Though iodine supplements – and multivitamin supplements containing iodine – are available, you can actually meet your daily iodine needs by eating a well-balanced diet that includes iodine-rich foods. Because your body uses dietary iodine to make thyroid hormone, iodine deficiency can lead to hypothyroidism -- which slows down your metabolism -- and cause mental retardation in babies born to iodine-deficient mothers, according to the American Thyroid Association. Fortunately, a variety of healthy foods are good sources of iodine.
Including iodine-rich foods in your diet every day will help you meet the recommended dietary allowance, or RDA, for iodine. But talk with your doctor if you’re pregnant, nursing or have hypothyroidism to see if iodine supplements are appropriate for you. According to the Institute of Medicine, the iodine RDA is 150 micrograms daily for adult men and women, 220 micrograms per day during pregnancy and 290 micrograms of iodine daily for women who are breastfeeding.
Dairy foods -- including milk, yogurt, cheese and ice cream -- are excellent sources of dietary iodine. Even soy milk is a good source of iodine, according to the American Thyroid Association. The Office of Dietary Supplements reports that 1 cup of yogurt provides 75 micrograms of iodine, 1 cup of milk contains 56 micrograms, 1/2 cup of chocolate ice cream provides 30 micrograms and 1 ounce of cheddar cheese contains about 12 micrograms of dietary iodine. The Dietary Guidelines for Americans 2010 suggests consuming three 1-cup equivalents of dairy foods daily when eating 2,000 calories a day.
Seafood and Seaweed
Eating seafood – especially fish – or seaweed is a good way to boost your dietary iodine intake. Three ounces of cod, fish sticks and shrimp provide 99, 54 and 35 micrograms of iodine, respectively, according to the Office of Dietary Supplements. The amount of iodine in one whole sheet of seaweed is highly variable and is anywhere between 16 and 2,984 micrograms of iodine. If you’re pregnant or nursing, limit fish consumption to 12 ounces of low-mercury fish – such as shrimp, catfish or salmon -- weekly, suggests the American Pregnancy Association.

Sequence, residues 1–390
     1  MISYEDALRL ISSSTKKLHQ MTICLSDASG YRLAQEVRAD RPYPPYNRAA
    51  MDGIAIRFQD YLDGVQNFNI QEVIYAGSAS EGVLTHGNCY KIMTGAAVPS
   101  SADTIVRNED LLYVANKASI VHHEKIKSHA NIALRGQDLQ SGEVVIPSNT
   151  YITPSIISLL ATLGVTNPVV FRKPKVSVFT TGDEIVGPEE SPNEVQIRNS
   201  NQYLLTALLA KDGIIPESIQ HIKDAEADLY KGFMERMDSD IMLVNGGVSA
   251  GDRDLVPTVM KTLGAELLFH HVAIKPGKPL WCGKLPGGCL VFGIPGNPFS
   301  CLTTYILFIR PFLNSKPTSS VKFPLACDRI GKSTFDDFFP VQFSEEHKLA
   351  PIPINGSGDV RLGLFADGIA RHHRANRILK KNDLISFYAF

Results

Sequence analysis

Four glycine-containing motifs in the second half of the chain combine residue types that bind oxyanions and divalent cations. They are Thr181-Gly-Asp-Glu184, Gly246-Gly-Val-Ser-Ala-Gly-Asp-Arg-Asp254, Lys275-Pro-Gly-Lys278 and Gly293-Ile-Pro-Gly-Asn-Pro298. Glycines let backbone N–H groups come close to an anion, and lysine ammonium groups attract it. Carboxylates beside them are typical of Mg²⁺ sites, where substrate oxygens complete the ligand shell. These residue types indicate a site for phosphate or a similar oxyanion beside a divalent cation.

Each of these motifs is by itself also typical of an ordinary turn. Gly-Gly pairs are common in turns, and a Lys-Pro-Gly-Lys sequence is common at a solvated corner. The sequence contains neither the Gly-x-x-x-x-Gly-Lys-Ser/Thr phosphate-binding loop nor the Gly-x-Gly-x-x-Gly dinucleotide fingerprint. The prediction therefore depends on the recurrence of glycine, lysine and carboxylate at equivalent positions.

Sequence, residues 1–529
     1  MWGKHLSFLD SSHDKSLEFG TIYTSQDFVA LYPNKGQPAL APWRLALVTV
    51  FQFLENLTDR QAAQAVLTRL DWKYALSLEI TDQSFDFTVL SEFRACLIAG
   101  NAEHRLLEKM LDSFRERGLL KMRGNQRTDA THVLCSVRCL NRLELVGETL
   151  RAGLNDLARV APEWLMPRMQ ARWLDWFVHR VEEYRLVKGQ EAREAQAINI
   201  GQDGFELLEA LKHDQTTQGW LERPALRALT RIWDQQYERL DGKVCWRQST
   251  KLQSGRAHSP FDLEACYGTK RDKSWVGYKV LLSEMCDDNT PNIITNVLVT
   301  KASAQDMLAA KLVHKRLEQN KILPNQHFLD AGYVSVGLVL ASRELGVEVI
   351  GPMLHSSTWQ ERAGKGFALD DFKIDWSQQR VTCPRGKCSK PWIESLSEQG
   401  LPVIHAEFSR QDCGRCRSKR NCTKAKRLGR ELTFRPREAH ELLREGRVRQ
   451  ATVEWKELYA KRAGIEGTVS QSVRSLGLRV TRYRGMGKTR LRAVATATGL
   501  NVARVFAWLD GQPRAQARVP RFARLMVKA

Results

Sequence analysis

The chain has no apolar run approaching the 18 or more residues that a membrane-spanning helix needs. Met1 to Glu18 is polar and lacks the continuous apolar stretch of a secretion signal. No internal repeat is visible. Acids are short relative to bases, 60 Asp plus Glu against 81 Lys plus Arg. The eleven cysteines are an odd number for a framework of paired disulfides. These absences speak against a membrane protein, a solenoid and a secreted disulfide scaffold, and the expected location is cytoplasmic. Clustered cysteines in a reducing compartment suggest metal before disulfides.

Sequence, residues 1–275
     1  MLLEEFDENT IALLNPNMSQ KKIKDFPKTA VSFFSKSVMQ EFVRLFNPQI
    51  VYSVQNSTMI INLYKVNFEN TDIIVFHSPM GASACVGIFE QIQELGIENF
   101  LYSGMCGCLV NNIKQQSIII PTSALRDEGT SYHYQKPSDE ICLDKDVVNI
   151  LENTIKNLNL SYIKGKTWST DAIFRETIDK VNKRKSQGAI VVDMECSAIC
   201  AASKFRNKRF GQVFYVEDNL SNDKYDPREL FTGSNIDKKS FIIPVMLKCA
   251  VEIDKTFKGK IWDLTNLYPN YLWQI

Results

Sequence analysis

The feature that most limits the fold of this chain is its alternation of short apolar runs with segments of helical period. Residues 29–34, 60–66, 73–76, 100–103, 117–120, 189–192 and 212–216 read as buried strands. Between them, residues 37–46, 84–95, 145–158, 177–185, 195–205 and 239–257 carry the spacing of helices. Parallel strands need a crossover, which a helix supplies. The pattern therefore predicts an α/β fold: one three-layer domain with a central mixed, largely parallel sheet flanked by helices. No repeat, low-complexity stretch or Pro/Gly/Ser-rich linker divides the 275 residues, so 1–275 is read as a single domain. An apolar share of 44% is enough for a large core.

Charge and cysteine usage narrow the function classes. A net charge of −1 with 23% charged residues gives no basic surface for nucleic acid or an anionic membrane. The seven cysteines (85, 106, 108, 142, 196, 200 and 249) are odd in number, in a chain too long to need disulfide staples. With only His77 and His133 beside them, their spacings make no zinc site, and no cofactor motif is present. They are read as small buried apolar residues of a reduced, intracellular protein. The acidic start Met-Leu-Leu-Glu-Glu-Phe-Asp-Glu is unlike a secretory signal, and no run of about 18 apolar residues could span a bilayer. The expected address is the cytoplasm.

Using iodized salt – in moderation – instead of regular salt on foods is an excellent way to boost your daily iodine intake. It’s important to note, however, that not all salt is iodized. The Office of Dietary Supplements reports that 1/4 teaspoon of iodized salt contains about 71 micrograms of iodine, which is almost half of the adult RDA. But use table salt sparingly since it can drastically boost your sodium intake. The Dietary Guidelines for Americans 2010 suggests limiting sodium to 1,500 to 2,300 milligrams daily -- and 1/4 teaspoon of iodized salt contains about 581 milligrams of sodium, according to the U.S. Department of Agriculture.
- American Thyroid Association: What Is Iodine Deficiency?
- Office of Dietary Supplements: Iodine
- Institute of Medicine: Dietary Reference Intakes (DRIs): Recommended Dietary Allowances and Adequate Intakes, Elements
- American Pregnancy Association: Mercury Levels in Fish
- U.S. Department of Agriculture, U.S. Department of Health and Human Services: Dietary Guidelines for Americans 2010
- U.S. Department of Agriculture’s National Nutrient Database for Standard Reference Release 26: Basic Report: 02047, Salt, Table